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Anti-aging, nutrient-rich berry just needs a rinse

July 12, 2006|by LYNN LITTLE

Blueberries are one of the top 20 antioxidant-rich foods and are probably the easiest fruit to prepare and serve. There's no peeling, pitting, coring or cutting. Just rinse, eat and enjoy! In addition to their visual appeal, intense blue color and sweet delectable flavor, blueberries are a healthful and convenient food.

Luscious, sweet blueberries are low in fat, sodium-free and a good source of both fiber and vitamin C. A one-half cup serving of blueberries has 25 percent of the recommended daily value of vitamin C, 3 grams of dietary fiber, numerous other disease-fighting nutrients and about 40 calories.

Blueberries are not only a good source of fiber and vitamin C, which reduce the risk of chronic disease, but their blue pigment has antioxidant abilities that might protect the body from heart disease, cancer and more. Some of the health benefits proven and currently being researched include:

· Anti-aging. The pigment in blueberries and anthocyanins has been shown to retard and even reverse age-related declines in brain function and cognitive and motor performance. Other compounds in blueberries might delay the effects of Alzheimer's disease.

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· Heart disease. Blueberries are believed to have the potential to reduce LDL or "bad" cholesterol. Their antioxidants also appear to protect artery cells against damage that results in clogged arteries and increased risk of heart attack and stroke.

· Antibacterial properties. Just as cranberries protect the health of the urinary tract, blueberries might, too. Several substances in the blueberry might interfere with bacteria adhering to cells that line the urinary tract.

· Eyesight. Blueberries are believed to improve eyesight and reduce eyestrain. They have been studied for their potential to improve night vision and prevent cataracts.

And if that's not reason enough to try some, July is National Blueberry Month.

If you are picking or purchasing fresh blueberries, you should know that blueberries, even those on the same bush, do not all ripen at the same time. Under normal growing conditions, blueberries ripen over a period of three to four weeks. Blueberries are ready for harvest no sooner than three to four days after the fruit becomes fully blue. Blueberries can remain on the plant for seven to 10 days after they have become ripe without significant loss in quality. However, they will not continue to ripen after being picked.

Ripe blueberries should have a completely uniform blue color. Fruit with a red tinge is less mature and will not be as sweet as more mature berries. For best results, blueberries should be harvested carefully when they are dry and fully ripe. It is best to wait a few hours after a rain or heavy dew before harvesting. Wet berries are more susceptible to decay-causing organisms and often leak juice, causing them to resemble overripe berries.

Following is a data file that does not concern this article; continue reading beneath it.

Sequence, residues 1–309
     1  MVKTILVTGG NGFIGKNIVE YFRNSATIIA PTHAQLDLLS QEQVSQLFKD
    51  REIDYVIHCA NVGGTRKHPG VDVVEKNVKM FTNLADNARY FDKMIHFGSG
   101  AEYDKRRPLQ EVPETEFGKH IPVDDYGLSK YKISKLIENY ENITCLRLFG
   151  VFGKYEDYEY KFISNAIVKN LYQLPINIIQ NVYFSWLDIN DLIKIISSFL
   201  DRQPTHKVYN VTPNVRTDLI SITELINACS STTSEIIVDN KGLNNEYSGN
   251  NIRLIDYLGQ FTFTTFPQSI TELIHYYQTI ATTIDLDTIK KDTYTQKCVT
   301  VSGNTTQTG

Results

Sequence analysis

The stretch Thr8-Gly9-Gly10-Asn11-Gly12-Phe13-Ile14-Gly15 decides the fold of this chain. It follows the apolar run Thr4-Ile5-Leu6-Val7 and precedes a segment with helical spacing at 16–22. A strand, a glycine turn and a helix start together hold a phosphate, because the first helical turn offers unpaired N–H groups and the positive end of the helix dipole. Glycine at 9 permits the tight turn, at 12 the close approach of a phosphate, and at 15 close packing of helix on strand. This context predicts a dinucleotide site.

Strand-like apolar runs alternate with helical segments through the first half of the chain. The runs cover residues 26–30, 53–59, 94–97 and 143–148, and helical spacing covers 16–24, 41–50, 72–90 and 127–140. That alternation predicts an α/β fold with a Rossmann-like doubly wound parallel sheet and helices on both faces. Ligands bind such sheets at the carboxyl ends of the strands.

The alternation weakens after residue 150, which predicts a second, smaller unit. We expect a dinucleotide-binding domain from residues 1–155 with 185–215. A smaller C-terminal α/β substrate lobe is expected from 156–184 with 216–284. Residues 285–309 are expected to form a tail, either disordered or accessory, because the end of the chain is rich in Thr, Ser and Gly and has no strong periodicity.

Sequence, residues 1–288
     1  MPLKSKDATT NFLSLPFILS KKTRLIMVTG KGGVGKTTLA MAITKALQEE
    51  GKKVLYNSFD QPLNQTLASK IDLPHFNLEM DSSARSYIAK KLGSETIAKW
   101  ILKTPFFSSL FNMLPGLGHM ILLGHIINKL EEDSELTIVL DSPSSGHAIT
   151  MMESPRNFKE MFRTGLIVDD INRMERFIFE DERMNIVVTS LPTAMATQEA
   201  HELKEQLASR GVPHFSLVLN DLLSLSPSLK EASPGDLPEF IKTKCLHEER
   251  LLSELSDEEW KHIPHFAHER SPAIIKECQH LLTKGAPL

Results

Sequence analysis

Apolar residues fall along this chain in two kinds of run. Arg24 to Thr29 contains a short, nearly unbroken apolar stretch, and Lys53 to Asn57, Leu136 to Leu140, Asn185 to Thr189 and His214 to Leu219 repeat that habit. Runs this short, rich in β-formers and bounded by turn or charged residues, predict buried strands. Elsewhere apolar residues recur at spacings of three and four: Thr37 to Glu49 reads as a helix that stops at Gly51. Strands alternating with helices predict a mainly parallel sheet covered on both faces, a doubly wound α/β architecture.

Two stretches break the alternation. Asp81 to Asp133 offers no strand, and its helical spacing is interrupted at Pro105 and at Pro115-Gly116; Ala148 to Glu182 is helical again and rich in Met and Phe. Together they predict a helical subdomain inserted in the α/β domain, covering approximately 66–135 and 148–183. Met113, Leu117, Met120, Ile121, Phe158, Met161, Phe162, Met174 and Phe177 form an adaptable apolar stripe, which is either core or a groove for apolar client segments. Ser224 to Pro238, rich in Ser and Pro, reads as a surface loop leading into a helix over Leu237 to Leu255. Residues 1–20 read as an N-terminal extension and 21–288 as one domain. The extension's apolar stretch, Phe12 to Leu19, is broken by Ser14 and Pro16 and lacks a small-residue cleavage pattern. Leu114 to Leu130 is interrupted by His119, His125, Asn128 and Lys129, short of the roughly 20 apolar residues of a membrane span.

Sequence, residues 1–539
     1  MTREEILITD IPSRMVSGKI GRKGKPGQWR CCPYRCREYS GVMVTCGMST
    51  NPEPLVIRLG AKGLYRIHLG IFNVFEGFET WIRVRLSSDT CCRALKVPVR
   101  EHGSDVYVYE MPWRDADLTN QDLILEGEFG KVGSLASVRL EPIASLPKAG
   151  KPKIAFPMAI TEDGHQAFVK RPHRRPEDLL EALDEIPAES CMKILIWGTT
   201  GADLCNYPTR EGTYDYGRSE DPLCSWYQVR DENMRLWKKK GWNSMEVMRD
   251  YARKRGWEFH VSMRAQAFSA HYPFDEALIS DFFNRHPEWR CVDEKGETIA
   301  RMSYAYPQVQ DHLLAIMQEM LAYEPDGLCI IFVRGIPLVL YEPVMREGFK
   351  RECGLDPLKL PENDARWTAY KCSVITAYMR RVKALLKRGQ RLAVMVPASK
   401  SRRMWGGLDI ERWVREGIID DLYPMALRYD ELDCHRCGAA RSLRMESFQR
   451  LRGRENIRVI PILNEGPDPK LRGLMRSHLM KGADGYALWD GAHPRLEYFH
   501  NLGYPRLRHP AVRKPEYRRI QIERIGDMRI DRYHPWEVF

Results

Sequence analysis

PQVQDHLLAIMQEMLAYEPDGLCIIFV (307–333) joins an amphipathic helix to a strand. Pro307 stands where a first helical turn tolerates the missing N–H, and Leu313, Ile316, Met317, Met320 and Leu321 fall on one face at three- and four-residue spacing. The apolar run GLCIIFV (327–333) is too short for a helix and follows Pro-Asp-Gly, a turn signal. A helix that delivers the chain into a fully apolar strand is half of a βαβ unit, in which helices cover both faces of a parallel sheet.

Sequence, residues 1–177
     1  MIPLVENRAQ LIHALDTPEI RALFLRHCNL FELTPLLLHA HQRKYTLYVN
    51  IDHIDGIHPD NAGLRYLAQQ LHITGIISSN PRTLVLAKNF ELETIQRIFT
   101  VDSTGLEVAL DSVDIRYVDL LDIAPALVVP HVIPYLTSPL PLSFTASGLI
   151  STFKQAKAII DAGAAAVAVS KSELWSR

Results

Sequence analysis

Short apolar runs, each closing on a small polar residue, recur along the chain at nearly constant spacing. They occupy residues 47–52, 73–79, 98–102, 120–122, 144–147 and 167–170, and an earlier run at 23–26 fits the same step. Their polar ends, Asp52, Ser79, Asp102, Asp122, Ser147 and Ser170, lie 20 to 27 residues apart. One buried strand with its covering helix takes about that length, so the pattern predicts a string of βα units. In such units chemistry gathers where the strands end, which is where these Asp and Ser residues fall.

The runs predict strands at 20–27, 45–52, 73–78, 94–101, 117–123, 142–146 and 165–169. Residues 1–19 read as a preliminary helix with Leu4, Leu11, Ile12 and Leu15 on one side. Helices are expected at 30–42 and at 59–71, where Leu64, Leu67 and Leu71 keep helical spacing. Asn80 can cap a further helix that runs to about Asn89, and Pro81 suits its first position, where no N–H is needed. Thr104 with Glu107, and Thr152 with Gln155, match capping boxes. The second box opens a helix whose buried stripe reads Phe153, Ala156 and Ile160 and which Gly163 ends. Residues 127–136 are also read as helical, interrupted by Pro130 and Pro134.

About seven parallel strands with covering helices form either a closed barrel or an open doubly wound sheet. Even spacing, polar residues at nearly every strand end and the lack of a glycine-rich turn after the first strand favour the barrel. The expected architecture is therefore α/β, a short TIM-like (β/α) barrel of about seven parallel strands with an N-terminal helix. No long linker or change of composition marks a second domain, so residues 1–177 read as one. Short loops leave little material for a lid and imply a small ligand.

If you buy blueberries from a grocery store:

· Choose blueberries that are firm and have a lively, uniform hue colored with a whitish bloom.

· Shake the container to see if the blueberries move freely. If they do not move freely, they might be soft, damaged and/or moldy.

· Avoid blueberries that appear dull in color or are soft and watery in texture. Water will cause blueberries to decay.

Blueberries are not as perishable as most other berries. Blueberries will keep for about a week if they are handled properly. Use care in working with blueberries, as they bruise easily.

Blueberries react with metal, which causes both the berries and the metal to discolor, so don't store them in metal containers. Put blueberries in a plastic container and refrigerate them as soon as possible. For optimal storage, berries should be refrigerated but not washed until needed; the added moisture will hasten the growth of mold.

Once chilled, they will maintain their quality from 10 days to two weeks. Remember, both frozen and fresh berries should be rinsed and drained just before serving.

Only ripe, full-flavored blueberries should be frozen. The secret to successful freezing is to use berries that are unwashed and completely dry before placing them in the freezer. Washing blueberries before freezing can result in a tough-skinned product. Instead, wash them after thawing. Spread the dry blueberries in a single layer on a metal tray. Allow the berries to dry so they won't stick together, and then freeze them until solid. Finally, pack the berries in freezer containers and label. Blueberries can be frozen alone in containers or covered with cold, 40-percent-sugar syrup (three cups of sugar to four cups of water).

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